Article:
Monday, 24 March 2014

Big Bang Nucleosynthesis (BBN) -Historical background

Historical background: The early universe behaved like a nuclear explosion or like a fusion bomb, creating the temperatures required for the creation of light elements. After that first minute with the temperature close to perhaps a billion kelvins nuclear reactions started. Approximately 180 seconds after the big bang, the temperature of the universe was  according to Hawley and Holcomb (1997). The content of the Universe consisted of a dilute gas of free streaming neutrinos , photons ,
 electron positron pairs
 and trace amount of nucleons(the protons and neutrons) as noted by Boesgaard and Steigman (1985). The temperature and densities were still very high, but dropped sufficiently so that the nuclei of atom could remain stable. The creation of atomic nuclei through nuclear reactions called nucleosinthesis, thought to be commenced at this point. Hence, this period in the big bang is known as the nucleosynthesis epoch. Olive (1999) noted that Big Bang Nucleosunthesis (BBN) is the theory explaining the origins of the light elements D;3 He;4 He and 7Li and their primordial abundances. Ellis (2011) commented that, the theoretical framework for BBN is based on Friedmann-Lemaitre-Robertson-Walker cosmology and a network of nuclear reactions.

BBN requires temperatures greater than 100keV and corresponds to time scales less than 200 seconds. It was necessary to achieve a density n  . The current density of visible matter is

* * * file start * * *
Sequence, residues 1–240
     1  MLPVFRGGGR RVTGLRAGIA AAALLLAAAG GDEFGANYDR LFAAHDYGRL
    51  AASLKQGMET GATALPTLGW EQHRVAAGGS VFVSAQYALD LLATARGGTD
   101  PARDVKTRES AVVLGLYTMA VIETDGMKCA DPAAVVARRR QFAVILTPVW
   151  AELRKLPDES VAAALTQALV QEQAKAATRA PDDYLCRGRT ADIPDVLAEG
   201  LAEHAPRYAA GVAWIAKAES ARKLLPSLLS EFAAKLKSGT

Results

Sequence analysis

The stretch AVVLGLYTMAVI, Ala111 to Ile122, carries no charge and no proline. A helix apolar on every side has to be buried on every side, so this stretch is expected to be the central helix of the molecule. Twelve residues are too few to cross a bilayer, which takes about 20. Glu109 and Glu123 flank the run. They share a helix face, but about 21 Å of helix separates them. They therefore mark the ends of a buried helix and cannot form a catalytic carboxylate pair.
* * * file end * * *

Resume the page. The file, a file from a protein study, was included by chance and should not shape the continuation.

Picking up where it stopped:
and we can estimate  the current temperature of the universe as  ~ 10K. 

In the early Universe at temperatures T < or ~ to 1MeV , conditions for the synthesis of the light elements were attained. Weak interactions were in equilibrium at higher temperatures. The following processes fix the ratio of number densities of neutrons to protons. 

(a neutron plus a positive electron (positron)  create  a proton and an anti-nuetrino and vice-versa, a neutron plus a nuetrino create a proton and electron,  from a  nuetron  a proton, electron and antinuerino is fixed).



The ratio of neutrons to protons at equilibrium at temperature T is given by a Boltzman factor: 
where Nn and Np are number densities of neutrons and protons, delta m
 is the neutron proton mass difference,1.3 MeV. Olive (1999) notes that, when the temperature  the ratio of neutron to proton was
.
Reference: 
1. K. A. Olive. Primordial big bang nucleosynthesis. ArXiv Astrophysics e-prints, Jan. 1999. URL http://arxiv.org/abs/astro-ph/9901231.
2. A. M. Boesgaard and G. Steigman. Big bang nucleosynthesis - theories and observations. ARA&A, 23:319{378, 1985. doi: 10.1146/annurev.aa.23.090185.001535.
3. G. F. R. Ellis. Inhomogeneity eff ects in cosmology. Classical and Quantum Gravity, 28(16):164001, Aug. 2011. doi: 10.1088/0264-9381/28/16/164001.

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